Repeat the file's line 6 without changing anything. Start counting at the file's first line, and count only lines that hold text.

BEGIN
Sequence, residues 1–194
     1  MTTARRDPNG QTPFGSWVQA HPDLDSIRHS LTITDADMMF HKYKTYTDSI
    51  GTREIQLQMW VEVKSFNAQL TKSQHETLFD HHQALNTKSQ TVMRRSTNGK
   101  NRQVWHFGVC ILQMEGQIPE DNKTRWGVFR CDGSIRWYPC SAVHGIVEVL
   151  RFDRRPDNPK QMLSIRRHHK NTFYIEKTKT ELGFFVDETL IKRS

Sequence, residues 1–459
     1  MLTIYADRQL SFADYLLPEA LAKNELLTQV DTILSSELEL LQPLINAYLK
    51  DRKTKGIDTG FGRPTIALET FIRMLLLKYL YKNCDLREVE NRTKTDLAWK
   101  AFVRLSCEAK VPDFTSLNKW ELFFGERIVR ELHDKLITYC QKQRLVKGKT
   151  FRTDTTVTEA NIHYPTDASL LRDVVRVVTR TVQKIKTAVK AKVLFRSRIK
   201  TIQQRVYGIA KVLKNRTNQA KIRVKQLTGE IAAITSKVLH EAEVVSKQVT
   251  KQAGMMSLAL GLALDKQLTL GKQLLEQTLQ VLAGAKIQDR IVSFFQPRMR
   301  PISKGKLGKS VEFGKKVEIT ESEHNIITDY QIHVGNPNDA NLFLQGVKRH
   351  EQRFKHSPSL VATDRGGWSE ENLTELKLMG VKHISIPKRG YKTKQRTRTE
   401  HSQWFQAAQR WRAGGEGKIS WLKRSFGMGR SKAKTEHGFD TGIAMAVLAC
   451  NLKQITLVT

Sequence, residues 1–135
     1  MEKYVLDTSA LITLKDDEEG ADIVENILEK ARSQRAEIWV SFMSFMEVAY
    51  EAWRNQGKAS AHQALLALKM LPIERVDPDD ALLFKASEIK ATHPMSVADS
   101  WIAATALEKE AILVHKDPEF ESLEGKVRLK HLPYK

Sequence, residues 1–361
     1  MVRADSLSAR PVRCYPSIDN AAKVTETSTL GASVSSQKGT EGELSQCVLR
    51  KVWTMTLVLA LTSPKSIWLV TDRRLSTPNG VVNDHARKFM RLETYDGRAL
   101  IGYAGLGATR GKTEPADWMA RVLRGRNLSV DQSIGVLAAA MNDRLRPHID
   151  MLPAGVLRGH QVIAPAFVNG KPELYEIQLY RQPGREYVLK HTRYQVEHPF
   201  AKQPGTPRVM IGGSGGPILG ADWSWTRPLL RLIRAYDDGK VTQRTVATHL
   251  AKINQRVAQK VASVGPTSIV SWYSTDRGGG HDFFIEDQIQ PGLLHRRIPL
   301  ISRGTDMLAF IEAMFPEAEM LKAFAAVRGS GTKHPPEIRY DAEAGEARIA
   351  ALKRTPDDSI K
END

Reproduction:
Sequence, residues 1–459